Why You Should Be In Puglia Right Now

It’s no secret that I’m a big fan of Italy.

I spent last spring and part of the summer eating my way up and down the peninsula, speaking a language I thought I had long forgotten, and visiting new places and old favorites. But when I ended up traveling for a few impromptu weeks through Puglia, the Southern region that makes up the Italy's “heel,” I became bewitched in an entirely different way.

What was it about the place that drew me in? Maybe it was the carefree, unplanned nature of my time there, and the way that the trip itself seemed to embody the cheerful, leisurely pace of Southern Italian life. Or maybe it was the way Puglia oozed authenticity and lacked pretense.

Regardless of the reason, I fell hard for Puglia. Here’s why you need to visit. 

You’ll Feel Like You Just Stumbled Upon Italy’s Best-Kept Secret


Puglia is one of the country’s poorest regions--and consequently one of the most unspoiled. The public transportation is pretty terrible, English isn’t widely spoken, and the South has a bad rap about being unsafe (FYI, it’s perfectly safe). It might be tempting to stick to Italy’s “big 3,” but if you head down to Puglia, your patience and persistence will be greatly rewarded.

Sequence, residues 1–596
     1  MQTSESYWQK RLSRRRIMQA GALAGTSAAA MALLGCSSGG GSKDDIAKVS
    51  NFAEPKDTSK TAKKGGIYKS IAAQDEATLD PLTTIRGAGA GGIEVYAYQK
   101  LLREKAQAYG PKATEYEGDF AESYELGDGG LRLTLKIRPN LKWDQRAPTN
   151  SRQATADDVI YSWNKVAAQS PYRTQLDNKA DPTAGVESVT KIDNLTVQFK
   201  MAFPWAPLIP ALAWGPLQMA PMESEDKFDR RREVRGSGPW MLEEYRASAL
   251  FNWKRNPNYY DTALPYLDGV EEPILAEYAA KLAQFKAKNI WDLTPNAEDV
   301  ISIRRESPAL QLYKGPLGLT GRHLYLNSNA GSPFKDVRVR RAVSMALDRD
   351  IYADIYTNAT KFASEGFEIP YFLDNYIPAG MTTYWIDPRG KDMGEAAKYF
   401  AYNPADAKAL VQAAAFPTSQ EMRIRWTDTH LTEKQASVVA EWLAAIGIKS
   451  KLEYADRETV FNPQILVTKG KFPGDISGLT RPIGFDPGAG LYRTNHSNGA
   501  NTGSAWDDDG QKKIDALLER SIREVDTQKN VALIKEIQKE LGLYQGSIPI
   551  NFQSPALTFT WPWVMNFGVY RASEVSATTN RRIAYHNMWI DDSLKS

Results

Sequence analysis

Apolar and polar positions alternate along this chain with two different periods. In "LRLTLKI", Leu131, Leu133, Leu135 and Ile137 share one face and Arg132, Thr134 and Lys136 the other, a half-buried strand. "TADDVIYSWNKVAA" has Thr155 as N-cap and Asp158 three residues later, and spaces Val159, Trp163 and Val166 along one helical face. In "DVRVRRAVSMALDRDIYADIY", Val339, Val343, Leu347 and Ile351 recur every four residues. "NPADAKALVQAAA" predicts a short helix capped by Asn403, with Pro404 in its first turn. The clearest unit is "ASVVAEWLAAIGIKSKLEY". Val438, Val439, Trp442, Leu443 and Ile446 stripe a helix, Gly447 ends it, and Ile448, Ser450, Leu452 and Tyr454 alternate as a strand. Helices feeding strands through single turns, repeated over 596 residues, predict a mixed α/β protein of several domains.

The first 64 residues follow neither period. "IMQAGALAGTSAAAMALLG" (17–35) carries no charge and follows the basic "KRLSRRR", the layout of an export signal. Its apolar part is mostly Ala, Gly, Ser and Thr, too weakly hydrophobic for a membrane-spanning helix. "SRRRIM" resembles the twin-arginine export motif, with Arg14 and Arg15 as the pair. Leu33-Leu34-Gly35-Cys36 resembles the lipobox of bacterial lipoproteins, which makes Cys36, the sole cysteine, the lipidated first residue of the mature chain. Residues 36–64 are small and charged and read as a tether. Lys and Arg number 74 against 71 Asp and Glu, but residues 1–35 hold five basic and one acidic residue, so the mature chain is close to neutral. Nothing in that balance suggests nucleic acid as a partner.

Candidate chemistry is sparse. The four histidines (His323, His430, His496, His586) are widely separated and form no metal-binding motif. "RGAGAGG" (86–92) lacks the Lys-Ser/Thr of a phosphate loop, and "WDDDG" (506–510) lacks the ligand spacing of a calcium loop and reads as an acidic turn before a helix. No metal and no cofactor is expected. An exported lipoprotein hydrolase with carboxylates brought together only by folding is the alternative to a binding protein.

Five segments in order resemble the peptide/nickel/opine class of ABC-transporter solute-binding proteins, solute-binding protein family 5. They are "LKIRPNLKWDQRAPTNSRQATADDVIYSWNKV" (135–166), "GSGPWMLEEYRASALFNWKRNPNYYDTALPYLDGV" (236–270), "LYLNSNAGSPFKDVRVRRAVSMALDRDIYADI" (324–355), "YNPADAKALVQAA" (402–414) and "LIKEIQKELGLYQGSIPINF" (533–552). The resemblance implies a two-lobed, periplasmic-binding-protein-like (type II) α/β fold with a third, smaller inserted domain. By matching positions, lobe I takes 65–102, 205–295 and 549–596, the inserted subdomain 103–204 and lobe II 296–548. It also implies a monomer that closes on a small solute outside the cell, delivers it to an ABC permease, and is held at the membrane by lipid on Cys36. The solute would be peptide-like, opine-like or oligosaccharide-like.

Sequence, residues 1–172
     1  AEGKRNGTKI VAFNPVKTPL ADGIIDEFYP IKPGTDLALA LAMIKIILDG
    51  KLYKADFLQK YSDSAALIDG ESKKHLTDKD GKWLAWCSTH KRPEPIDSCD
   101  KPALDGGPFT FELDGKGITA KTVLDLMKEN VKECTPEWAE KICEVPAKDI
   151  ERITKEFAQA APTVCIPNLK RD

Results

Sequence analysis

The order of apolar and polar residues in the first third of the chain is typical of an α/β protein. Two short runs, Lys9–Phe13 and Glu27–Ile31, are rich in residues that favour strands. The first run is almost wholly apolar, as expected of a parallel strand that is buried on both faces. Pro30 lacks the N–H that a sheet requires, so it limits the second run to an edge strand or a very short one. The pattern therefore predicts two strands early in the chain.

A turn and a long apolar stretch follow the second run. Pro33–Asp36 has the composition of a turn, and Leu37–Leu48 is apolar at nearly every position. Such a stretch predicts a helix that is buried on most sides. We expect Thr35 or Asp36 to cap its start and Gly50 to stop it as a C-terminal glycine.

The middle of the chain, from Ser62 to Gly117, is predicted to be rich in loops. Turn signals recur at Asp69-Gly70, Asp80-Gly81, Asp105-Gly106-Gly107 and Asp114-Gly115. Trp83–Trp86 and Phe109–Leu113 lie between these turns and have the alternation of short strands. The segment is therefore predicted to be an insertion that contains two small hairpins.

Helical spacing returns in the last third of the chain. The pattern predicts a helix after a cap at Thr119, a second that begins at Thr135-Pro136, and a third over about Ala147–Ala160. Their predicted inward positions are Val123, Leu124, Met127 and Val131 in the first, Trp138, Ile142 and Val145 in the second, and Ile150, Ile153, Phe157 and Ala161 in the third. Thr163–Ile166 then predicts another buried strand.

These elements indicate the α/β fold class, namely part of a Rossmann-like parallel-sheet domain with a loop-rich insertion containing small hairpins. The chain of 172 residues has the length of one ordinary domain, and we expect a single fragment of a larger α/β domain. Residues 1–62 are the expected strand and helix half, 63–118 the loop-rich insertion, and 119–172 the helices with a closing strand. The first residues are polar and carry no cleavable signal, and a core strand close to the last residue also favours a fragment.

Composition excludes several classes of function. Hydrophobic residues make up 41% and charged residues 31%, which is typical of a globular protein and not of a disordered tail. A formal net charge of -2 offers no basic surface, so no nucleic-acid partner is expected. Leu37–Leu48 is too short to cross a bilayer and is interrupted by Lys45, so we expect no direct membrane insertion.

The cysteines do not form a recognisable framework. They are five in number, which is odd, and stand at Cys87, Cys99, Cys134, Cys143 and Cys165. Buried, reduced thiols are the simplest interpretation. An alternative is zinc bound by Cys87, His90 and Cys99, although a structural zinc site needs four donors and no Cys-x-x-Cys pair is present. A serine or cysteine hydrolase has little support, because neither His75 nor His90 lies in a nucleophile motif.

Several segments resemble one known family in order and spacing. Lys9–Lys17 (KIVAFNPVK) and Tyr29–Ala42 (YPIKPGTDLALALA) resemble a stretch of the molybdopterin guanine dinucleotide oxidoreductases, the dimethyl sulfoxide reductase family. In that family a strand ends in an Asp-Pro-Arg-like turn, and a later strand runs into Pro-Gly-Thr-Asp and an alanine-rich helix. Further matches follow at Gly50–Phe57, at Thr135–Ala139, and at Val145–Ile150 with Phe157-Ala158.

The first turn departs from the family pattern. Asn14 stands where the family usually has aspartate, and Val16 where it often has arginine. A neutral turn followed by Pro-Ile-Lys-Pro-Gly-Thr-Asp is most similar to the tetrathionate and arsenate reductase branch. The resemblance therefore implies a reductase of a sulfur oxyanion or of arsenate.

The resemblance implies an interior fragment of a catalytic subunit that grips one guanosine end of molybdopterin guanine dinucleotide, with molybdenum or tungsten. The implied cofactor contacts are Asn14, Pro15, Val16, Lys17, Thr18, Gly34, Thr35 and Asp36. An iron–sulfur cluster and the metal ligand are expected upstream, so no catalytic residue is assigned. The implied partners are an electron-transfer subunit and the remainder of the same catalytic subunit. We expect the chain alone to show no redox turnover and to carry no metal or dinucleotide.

You’ll leave behind the arrogance of Venice, the chaos of Rome, and the traditional beauty of Florence. In exchange you’ll get craggy, mediterranean shores, clean air, miles and miles of farmland, and whitewashed hill towns devoid of the crush of tourists found elsewhere in the country.

I’m a self-proclaimed city girl, but I adored the open spaces and country atmosphere found in Puglia. And did I mention the lack of tourists? At times I almost felt like I was back in Korea by the way I was being ogled as I walked around with my giant backpack. I think I saw only two or three other backpackers during the entire duration of my time there! There's no doubt this was also in part because of the timing of my visit in May, a month before the official beach season kicked off in Italy. So, pack your bags and get going. Like, right now.


Your Pulse Will Noticeably Slow

Puglia is a huge agricultural region, which means priorities are a little different. People spend a lot of time outdoors. You’ll often look around and see more olive trees than buildings. Work hours are flexible, and you won’t spend a lot of time stuck in traffic, waiting in lines, or trying to ward off vendors hawking tacky souvenirs. In other words, it feels like you’ve stepped back in time a few decades.